Frequently on "toxic" ingredient lists, this one has conflicting info. Here's what you should know:
When COMBINED with ethylhexylglycerin, there is a SYNERGISTIC effect and you can use a lower concentration of each preservative that DOES NOT cause cell death.
At .1 to.01% there is not a statistical diff in survivalbility of the cells as compared to control.
VERDICT: In small concentrations, when the last ingredient is phenoxyethanol and especially when in combination with ethylhexylglycerin, it is safe for ocular tissues as per the current research.
Makeup & Skincare Toxin Info
A Note About In-Vitro vs. In-Vivo: What happens in a lab setting (in-vitro) can be very different than what happens in real life (in-vivo). In a lab, the cells are continually exposed to the experimental agent alone, while in the real world the exposure isn't likely constant and other variables are involved like the rest of the chemicals in formulation. Keep in mind when reviewing lab studies that it doesn't ALWAYS mean a particular ingredient is ALWAYS toxic.
These BAK and Formaldehyde donors were evaluated in the same study & were found to have similar negative effects:
NEGATIVE SIDE EFFECTS:
Dose-dependent toxicity on survival and proliferation
Corneal, Meibomian and Conjunctiva Cell Cultures ALL affected
Growth Factors did NOT prevent cell death
In very low concentration, do not affect cell survivability. In a product with MULTIPLE parabens (ex: methyl, ethyl), they are likely using very small amounts of each to get the preservative effect. Meibomian gland stem cell cultures do ok. As a single agent at lower concentrations MG's survive.
Vitamin A is converted to retinoic acid. Anything with retinol, tretinoin, or retinoic acid are to be avoided. While retinoic acid is wonderful for the cornea and epithelial cells, it is a disaster for the meiboimian glands. Verdict: GREAT for Cornea, BAD for Meibomian Glands. Isotretinoin (Accutane) very toxic to MG's.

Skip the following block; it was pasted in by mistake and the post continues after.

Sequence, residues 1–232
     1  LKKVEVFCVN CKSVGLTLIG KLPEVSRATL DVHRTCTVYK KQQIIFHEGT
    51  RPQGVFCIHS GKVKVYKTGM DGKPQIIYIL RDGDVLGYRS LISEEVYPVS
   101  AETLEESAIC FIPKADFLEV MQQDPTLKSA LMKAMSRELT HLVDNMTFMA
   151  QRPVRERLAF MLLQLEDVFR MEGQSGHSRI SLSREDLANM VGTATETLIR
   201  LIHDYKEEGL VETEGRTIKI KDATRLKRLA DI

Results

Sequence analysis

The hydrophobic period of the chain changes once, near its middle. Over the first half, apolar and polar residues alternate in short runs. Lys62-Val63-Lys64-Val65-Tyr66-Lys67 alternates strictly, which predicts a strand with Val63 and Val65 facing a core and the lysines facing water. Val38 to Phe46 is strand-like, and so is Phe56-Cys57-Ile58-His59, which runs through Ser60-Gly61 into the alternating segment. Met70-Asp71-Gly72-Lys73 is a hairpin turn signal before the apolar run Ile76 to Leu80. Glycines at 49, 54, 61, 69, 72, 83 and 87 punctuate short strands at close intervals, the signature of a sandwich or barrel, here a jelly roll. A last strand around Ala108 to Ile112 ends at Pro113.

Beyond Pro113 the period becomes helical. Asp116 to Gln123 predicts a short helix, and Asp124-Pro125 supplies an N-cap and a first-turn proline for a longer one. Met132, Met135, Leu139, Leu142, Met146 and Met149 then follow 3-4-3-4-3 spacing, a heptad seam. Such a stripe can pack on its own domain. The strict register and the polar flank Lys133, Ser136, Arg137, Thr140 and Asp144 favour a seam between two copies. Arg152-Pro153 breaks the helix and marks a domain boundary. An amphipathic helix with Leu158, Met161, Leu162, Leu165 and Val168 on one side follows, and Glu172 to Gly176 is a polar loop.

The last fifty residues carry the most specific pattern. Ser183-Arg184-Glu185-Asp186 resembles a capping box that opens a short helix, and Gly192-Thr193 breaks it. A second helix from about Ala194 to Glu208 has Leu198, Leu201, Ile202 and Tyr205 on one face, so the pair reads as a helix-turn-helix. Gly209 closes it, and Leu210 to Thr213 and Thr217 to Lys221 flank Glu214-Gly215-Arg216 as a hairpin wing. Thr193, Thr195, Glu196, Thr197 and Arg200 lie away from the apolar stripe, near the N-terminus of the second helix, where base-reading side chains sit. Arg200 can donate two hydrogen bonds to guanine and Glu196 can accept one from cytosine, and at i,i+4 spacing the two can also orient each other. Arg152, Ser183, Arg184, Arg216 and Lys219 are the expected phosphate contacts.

Tea Tree Oil
Recent study showed toxicity to meibomian gland cells, but it is commonly used to control Demodex levels and reduce microbial concentration on eyelids.
Typical OTC concentrations are below the concentration where cell death was seen in studies.
Tips for Choosing Eye Safe Makeup
Ingredient toxicity is often very complicated and nuanced. As you will see from this guide, the preparation of the cosmetic or cosmeceutical matters, where it is applied and the concentration. It's not so simple as vilifying independent ingredients. And especially in the case of patients with sensitive eyes, its important to remember that your particular hypersensitivities may be isolated to you. This guide is meant to familiarize you with what you should be evaluating and looking for but individual recommendations should be done by your eye doctor and/or dermatologist.
Frequently on "toxic" ingredient lists, this one has conflicting info. Here's what you should know.
Carbon Black studies done are almost all done on inhalation studies, not topical use. And the studies have been done on rats, not humans.
Can this be extrapolated to human cells in regular cosmetic use? Does this actually tell us what cosmetic use would do to glands? On intact skin, research indicating it is safe.
"BOTOX in a Jar" Acetyl hexapeptide 3/8. It decreases orbicularis strength and tone, but also get decreased force of tone in terminal oblique with getting terminal meibum out of the glands.
Potential to cause dry eye symptoms over time due to induced MGD due to incomplete blink/lack of full emptying of MGs in the blink.
Touted as an alternative to retinol. There've been no studies specific to the eye, use caution!
Anyi-androgen effect possibly problematic for meibomian glands but no definitive research.
Prostaglandin Analogs i.e. PGA's (-PROST endings). We know from years of treating glaucoma patients with prostaglandin analogs the negative effect these have on meibomian glands. Common in lash lengtheners (33% contain it), this ingredient is to be avoided. Potency is a factor, avoid especially Isopropyl Cloprostenate
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Ingredients toxicity is often very complicated and nuanced. It isn't so simple it isn't so simple as vilifying independent ingredients in all cases.
Especially in the case of patients with sensitive eyes it's important to remember that your particular hypersensitivities may be isolated to you.
Individual recommendations should always be done by your eye doctor or your dermatologist.